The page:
Alice Gosti sits in the middle of the performance space at ACT Theater underneath a large white tablecloth. Her body is hunched over and still except for the occasional soft upper-body undulations of her breath. After roughly half an hour in this position, Gosti creeps across the floor still covered in white cloth. She is anonymous, the object of everyone’s attention yet faceless and soundless.
Gosti slithers to the theater wall, peeks her head outside the tablecloth and speaks into a microphone. She emerges, nude, dresses in underwear and a baggy orange jumpsuit and folds the tablecloth with the reverence reserved for cherished family heirlooms.
Gosti’s new work, Where is home : birds of passage, is a three-hour durational performance of dance, art installation, spoken text, written text, and audience discussion. Gosti specializes in the creation of durational performance and Where is home is no exception to her mastery; the work fills three straight hours with no intermission, each moment a valuable piece of a giant puzzle about immigrant identity and self-expression.
Alice Gosti, an Italian-American choreographer and performer, has lived and worked in the U.S. for over a decade, building performance pieces from a mix of mediums and personal experiences. Where is home : birds of passage is about Gosti’s life as an immigrant and her personal journey with cultural identity and belonging in spaces as a multi-national; the work reveals her vulnerabilities as a woman of two distinct cultures.
Gosti uses choreography, music, language, and posture to communicate her cultural duality. Pounding electronic beats from dance music (Gosti is also a DJ) fade into Italian folk music and Gosti breaks into fancy folk dance footwork, a small smile playing on the corner of her mouth. As the folk music fades Gosti keeps the rapid rhythm of the folk dance but stops the fancy footwork and runs repeatedly in panicked steps across the performance space, throwing herself against the wall and breathing heavily.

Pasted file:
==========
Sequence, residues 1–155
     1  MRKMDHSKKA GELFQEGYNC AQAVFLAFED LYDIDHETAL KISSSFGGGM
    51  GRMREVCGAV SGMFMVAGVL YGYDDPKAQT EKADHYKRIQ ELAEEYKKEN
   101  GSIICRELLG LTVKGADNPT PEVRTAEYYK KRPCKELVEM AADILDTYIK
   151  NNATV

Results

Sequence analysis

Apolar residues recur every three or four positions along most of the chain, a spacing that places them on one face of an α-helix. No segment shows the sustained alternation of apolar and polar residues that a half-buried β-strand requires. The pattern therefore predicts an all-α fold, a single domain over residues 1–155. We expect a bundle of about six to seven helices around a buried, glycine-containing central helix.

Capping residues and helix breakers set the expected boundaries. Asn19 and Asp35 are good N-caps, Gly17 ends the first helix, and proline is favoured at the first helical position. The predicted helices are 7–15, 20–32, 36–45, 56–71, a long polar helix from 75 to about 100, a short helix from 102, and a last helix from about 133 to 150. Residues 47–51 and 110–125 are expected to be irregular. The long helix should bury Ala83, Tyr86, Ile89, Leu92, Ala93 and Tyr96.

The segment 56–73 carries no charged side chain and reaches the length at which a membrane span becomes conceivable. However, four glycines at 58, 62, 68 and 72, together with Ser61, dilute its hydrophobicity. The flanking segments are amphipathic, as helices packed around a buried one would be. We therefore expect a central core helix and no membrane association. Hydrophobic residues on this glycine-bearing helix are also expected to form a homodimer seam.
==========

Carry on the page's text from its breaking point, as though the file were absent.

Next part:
Each ingredient in Where is home also stands on its own artistic merit. Original music by Monkia Khot (Nordra, Zen Mother) alternates between comforting rhythms and bass-heavy, melodic rock. Sound design from Erin Bednarz weaves Khot’s music and Gosti’s choreography together with impeccable timing, ambient sounds, and silences. Gosti’s intricate costume designs, lighting by Amiya Brown, the art installation from Alyza DelPan-Monley: each medium weaves its own story through the performance. Even when Gosti is sitting under a tablecloth and not moving for thirty minutes, the theater is not stagnant. Someone or something is always performing.
While many durational performance pieces are built around endurance, Gosti’s brand of durational art is more akin to visiting a museum. Audiences are invited to come and go as they please, to experience as much or as little of the piece as desired. It is not necessary to see every part to fully experience Gosti’s art. Durational performance doesn’t always have a beginning or end and each participant will have their own unique experience depending on when they enter or leave the theater and what they look at a particular moment. Unlike a museum however, the traditional theater space of Where is home retains the feeling of a fourth wall between audience and performer. Even with the audience seated in the round, the space feels too formal for easy in and out access. Most audience members who leave during the performance do not come back. This could be intentional; the feeling of being trapped in unfamiliar territory is a repeated theme.
While Gosti dances, speaks, and even sings through the three hour performance, text in English and Italian runs along digital readerboards hanging from each theater wall. Stories about her family history, memories of flying between the U.S. and Italy, and painful personal anecdotes scroll across the boards. In one section, the low hum of an airplane engine echoes through the theater while Gosti’s memories of trans-Atlantic flights with her mother roll along the readerboards. Gosti is dancing onstage but I’m mesmerized by the scrolling story and don’t look down. At another moment, I completely miss the narrative onscreen but am captivated by Gosti’s movements. Her arms stretched outward with hands bent like broken birds’ wings at the wrists, Gosti contracts her midsection as she slowly turns her body to face different groups of the audience. Each section of Gosti’s body has its own story to tell, the top half contracted inward, her face lifted upward, her feet moving across the floor in hesitant, heel-toe steps. Gosti’s body, like her heart and intellect, are responding to the disparate pulls of her two cultures and environments.
Where is home : birds of passage continues at ACT Theatre’s Eulalie Scandiuzzi Space through November 17, 2019. For more information and tickets, visit ACT Theatre’s website.